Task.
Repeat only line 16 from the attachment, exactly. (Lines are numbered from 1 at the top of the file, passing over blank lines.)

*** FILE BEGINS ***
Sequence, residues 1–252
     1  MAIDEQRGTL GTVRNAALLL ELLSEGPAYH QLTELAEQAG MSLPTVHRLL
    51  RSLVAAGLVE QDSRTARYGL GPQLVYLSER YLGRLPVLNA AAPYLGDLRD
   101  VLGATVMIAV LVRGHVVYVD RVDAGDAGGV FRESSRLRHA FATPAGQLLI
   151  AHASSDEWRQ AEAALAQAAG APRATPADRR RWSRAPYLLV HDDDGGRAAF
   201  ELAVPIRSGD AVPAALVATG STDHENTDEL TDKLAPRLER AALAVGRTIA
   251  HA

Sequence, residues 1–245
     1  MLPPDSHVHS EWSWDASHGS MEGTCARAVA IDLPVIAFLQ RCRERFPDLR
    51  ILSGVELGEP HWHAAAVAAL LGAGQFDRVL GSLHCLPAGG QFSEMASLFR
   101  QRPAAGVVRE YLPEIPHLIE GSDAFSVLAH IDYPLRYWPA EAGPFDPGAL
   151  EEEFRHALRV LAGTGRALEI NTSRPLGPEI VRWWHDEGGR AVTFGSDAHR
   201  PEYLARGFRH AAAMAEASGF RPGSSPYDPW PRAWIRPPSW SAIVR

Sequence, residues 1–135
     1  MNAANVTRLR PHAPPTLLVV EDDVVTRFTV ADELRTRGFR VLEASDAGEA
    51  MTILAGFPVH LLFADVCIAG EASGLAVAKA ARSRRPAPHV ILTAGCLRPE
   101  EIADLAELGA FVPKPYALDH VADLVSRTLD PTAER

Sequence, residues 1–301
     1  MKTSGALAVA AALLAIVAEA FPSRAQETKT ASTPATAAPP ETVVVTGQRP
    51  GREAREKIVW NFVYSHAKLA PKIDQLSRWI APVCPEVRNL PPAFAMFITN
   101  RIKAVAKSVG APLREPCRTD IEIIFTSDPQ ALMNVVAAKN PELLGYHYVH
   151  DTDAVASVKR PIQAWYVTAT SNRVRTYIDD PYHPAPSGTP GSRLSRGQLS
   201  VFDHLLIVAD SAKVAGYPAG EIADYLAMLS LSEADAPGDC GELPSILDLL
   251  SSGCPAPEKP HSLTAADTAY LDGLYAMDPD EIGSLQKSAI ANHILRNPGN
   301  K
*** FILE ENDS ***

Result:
    51  MTILAGFPVH LLFADVCIAG EASGLAVAKA ARSRRPAPHV ILTAGCLRPE